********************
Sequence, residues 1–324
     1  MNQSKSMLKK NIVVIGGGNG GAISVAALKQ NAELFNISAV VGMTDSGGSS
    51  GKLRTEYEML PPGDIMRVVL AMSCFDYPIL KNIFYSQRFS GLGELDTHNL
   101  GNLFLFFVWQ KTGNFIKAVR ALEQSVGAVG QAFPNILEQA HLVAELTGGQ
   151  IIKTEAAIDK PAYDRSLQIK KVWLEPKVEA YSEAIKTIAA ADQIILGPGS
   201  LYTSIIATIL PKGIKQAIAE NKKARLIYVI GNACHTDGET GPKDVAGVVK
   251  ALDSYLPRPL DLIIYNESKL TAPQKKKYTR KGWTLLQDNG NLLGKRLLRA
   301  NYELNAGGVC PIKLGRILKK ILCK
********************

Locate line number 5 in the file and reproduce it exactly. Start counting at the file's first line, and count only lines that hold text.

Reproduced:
   151  IIKTEAAIDK PAYDRSLQIK KVWLEPKVEA YSEAIKTIAA ADQIILGPGS